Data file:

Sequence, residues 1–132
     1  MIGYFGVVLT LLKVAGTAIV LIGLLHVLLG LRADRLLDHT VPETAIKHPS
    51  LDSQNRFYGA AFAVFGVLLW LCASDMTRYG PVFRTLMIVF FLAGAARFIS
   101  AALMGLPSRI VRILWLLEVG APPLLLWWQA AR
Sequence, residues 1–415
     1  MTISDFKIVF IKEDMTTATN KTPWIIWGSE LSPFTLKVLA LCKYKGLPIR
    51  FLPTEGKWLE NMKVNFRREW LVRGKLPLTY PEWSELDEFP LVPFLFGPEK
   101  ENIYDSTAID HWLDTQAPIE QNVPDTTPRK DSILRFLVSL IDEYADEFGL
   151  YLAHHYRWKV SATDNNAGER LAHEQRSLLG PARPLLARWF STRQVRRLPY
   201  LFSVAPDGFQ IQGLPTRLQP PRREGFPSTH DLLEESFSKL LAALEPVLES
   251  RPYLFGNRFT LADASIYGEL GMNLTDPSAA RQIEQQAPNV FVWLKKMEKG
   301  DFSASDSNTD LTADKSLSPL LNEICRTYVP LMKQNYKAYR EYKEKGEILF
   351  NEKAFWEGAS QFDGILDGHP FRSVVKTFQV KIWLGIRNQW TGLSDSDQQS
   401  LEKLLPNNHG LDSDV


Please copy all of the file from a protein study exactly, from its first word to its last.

Sequence, residues 1–132
     1  MIGYFGVVLT LLKVAGTAIV LIGLLHVLLG LRADRLLDHT VPETAIKHPS
    51  LDSQNRFYGA AFAVFGVLLW LCASDMTRYG PVFRTLMIVF FLAGAARFIS
   101  AALMGLPSRI VRILWLLEVG APPLLLWWQA AR
Sequence, residues 1–415
     1  MTISDFKIVF IKEDMTTATN KTPWIIWGSE LSPFTLKVLA LCKYKGLPIR
    51  FLPTEGKWLE NMKVNFRREW LVRGKLPLTY PEWSELDEFP LVPFLFGPEK
   101  ENIYDSTAID HWLDTQAPIE QNVPDTTPRK DSILRFLVSL IDEYADEFGL
   151  YLAHHYRWKV SATDNNAGER LAHEQRSLLG PARPLLARWF STRQVRRLPY
   201  LFSVAPDGFQ IQGLPTRLQP PRREGFPSTH DLLEESFSKL LAALEPVLES
   251  RPYLFGNRFT LADASIYGEL GMNLTDPSAA RQIEQQAPNV FVWLKKMEKG
   301  DFSASDSNTD LTADKSLSPL LNEICRTYVP LMKQNYKAYR EYKEKGEILF
   351  NEKAFWEGAS QFDGILDGHP FRSVVKTFQV KIWLGIRNQW TGLSDSDQQS
   401  LEKLLPNNHG LDSDV